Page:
This is not simply premonition of the dog eat dog world of 80s Thatcherism; it’s a man eat dog world, with a hint of cannibalism too.

The high rise of the novel’s title was inspired by the brutalist masterpiece that is Balfron Tower in East London.  As inspirational as the building may have been, an inspiring living environment it wasn’t.  Famously the architect Erno Goldfinger lived for a short while in the penthouse apartment before moving back to a more comfortable home in Hampstead.  In the novel, Goldfinger becomes the throughly sinister figure of Royal and, of course, in the Bond novel of the same name an arch (the arch?) Bond villain.

But this is not simply a novel with a high rise back drop.  This is a novel of disintegration. The two thousand strong community, what Ballard called a ‘vertical city’, psychotically retreats from the outside world and turns their frustrations towards each other. The building becomes an enabler.  The solidity of it preventing any sense of connection between the neighbours.  Indeed, the inhabitants’ lives become fractured and distorted and they decend into tribal warfare replete with body markings and savage intent.  Any humour is quickly replaced by the tacit awareness that we are peaking into a Freudian landscape, and at times the novel becomes completely uncomfortable to read.

It’s a gripping tale.

Review: The Way of the Runner, Adhanarand Finn (Faber and Faber, 2015)

I came to The Way of the Runner really wanting to gain an insight into the world of Japanese ekiden.  I’d heard Adharanand Finn taking about the depth of Japanese running on the brilliant Marathon Talk podcast.  He seemed sold on the idea that there was something unique about the ways in which the Japanese trained that helped to account for their undoubted depth, particularly in the marathon and half marathon distances.

In this respect the book failed.  The text offers nothing beyond some bland statements about the fact that high school and university coaches can be incredibly tough; that runners train hard at a relatively young age (and subsequently burn out);  and that it is possible to earn a decent living from running even at a sub-national level.

The main issue is the fact that we never really get to know any of the runners that pop in and out of the narrative.  Whether it’s the language barrier or the reserve that many of the coaches have for a foreign journalist is not particularly salient.  What is evident is the fact that we don’t journey into the psyche of any of the runners.  We are none the wiser about what makes them capable of running such good times in such large numbers.  This is the real shame. Finn is, undoubtedly, a good writer.  He is capable of evoking the ennui of an overland train journey, and at times he movingly captures the essence of what running means to him.  He would have been onto something much more captivating if he’d been able to gain any significant insight into the psychology of the Japanese runners. He is a natural storyteller, but he’s stuck with a narrative that refuses to be told in any meaningful depth.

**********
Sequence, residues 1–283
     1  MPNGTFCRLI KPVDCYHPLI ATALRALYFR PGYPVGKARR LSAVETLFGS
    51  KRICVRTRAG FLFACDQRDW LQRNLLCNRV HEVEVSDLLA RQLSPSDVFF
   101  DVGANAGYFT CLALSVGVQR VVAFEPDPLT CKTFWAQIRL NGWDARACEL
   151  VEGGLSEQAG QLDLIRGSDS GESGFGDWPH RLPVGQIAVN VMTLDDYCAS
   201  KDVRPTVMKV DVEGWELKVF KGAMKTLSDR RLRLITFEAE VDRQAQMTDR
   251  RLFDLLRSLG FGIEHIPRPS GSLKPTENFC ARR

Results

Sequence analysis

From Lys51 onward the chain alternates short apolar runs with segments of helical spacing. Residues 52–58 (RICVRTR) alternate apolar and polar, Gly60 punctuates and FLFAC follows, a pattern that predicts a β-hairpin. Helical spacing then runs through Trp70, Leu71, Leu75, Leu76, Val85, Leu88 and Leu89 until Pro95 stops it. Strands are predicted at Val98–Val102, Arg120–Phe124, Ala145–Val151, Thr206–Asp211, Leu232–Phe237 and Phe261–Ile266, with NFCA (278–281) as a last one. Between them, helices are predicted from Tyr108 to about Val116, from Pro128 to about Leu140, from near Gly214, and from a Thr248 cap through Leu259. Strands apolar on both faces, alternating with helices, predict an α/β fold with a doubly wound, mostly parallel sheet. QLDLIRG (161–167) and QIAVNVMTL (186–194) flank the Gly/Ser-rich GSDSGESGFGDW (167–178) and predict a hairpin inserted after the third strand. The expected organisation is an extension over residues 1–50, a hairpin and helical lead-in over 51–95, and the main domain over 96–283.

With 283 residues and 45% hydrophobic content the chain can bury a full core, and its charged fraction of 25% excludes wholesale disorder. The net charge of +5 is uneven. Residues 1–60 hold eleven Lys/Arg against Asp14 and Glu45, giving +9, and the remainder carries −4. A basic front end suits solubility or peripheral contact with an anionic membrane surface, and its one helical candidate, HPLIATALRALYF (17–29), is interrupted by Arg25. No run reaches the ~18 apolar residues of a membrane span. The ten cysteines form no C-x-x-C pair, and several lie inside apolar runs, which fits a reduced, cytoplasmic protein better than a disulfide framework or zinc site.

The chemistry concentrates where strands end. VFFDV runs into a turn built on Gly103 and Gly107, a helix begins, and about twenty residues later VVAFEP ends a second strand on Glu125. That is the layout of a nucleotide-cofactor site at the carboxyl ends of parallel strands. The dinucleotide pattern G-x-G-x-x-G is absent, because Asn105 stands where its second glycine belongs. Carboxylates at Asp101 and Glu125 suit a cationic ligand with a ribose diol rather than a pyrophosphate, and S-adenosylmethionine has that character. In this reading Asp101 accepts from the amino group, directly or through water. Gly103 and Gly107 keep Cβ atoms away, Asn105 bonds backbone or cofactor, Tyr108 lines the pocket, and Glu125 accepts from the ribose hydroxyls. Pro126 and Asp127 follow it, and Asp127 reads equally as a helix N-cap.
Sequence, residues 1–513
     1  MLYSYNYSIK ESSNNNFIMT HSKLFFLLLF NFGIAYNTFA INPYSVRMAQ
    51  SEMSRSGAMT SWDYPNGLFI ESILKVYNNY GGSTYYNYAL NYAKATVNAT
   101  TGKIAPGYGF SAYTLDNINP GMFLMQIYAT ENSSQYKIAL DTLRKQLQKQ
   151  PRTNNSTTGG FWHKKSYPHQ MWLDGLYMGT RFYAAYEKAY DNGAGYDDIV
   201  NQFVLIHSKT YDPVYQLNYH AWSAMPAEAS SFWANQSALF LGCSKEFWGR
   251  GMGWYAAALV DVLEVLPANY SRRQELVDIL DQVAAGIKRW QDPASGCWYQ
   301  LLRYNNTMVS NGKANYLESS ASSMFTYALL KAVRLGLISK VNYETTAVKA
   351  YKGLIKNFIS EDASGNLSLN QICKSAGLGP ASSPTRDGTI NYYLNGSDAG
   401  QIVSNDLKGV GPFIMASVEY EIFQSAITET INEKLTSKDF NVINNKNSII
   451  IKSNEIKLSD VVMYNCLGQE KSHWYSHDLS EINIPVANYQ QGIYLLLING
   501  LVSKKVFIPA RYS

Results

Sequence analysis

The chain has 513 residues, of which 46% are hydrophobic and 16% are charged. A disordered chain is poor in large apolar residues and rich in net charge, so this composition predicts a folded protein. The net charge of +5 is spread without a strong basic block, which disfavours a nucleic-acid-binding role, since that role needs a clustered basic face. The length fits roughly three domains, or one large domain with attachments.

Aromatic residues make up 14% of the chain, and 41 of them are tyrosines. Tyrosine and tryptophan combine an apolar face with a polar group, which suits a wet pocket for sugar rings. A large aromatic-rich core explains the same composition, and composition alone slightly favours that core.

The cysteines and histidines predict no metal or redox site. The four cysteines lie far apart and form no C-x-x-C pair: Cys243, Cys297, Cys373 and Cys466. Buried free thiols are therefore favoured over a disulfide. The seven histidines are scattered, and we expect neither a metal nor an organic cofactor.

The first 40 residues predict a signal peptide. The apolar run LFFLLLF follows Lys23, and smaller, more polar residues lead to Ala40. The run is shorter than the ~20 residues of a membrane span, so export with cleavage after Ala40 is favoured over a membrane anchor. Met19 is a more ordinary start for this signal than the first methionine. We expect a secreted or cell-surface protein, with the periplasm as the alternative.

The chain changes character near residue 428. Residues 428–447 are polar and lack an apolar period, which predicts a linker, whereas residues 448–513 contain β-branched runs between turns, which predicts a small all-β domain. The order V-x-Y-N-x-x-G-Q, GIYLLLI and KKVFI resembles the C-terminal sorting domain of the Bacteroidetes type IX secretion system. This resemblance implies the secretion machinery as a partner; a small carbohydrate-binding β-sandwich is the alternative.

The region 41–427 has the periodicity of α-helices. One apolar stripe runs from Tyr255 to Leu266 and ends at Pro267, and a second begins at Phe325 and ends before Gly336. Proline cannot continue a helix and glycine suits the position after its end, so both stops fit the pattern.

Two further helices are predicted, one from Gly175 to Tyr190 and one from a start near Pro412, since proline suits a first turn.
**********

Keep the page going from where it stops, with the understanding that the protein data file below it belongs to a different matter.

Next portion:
Review: Running on Empty, Marshall Ulrich (Avery, 2011)

There is a line in Marshall Ulrich’s book in which he, unflatteringly, describes himself as a tank. Or rather he admits to having a tank-like build. You don’t really expect this as ultrarunners are famed for their svelte, slight builds and their often quiet, introspective manner. This book is neither of these things.

Like the monumentally epic challenge that Ulrich describes, the narrative is forceful and brash. He is brutally honest throughout about his shortcomings and he admits to the painful compromises that he has had to make along the way to becoming one of the most respected ultrarunners ever. But here, in Running on Empty, such honesty does not really translate into a narrative of psychological interest. This is a shame. I am far more interested in his thoughts rather than the food that he ate along the way. Although I have nothing but admiration for his attitude and guts, the prose did leave me a little empty.

Review: Of Mice and Me, Mishka Shubaly (Kindle Single, 2015)

Like Steinbeck’s fictional masterpiece, Shubaly’s short non-fiction memoir opens with the protagonist foraging through the brush. But there the similarity ends. Shubaly is no Lennie, or George for that matter. And the mouse that he metaphorically pockets becomes a symbol of hope rather than an impending death.

There’s not a word out of place in this beautiful tale of possibility and hope. There’s redemption of a sorts too. It’s the redemption that Shubaly is oftentimes reluctant to grant himself: for his repeatedly articulated story is that of a bruised recovering alcoholic, too messed up by a barely remembered past to be fully at ease with himself. But here, in his sixth Kindle Single, there is an evident maturity that is well hidden behind literary conceits in his previous work. It’s a little too obvious to state that this is a tale of growing up, of interrogating whether he’d make a good father, and, naturally, of excavating some of the tricky relationship with his own dad. Too obvious, but also true. That’s the overarching theme of this episode from Shubaly’s life. Truth and how to reconcile that with the past, and with one’s own fears for the future. It reads as an inward glancing dialogue of man who is coming to terms with the fact that he might be ok as a human after all. It’s not the neatly packaged and sanitised version of what it means to be ok, to be `fine’. Shubaly’s skill lies in the ways in which he can make the banalities of life speak to the possibilities of the future. The ending of the Single speaks to that notion. But, in many ways, there’s no real conclusion here. It’s not about the question of if he’d make a good dad. It’s more of a way of acknowledging the fact that the question of whether to have children should and must be answered on its own terms. Along the way it would seem that he is starting to learn that it’s ok to be ok. It’s fine to be fine. “Of Mice and Me” is both of those and much, much more.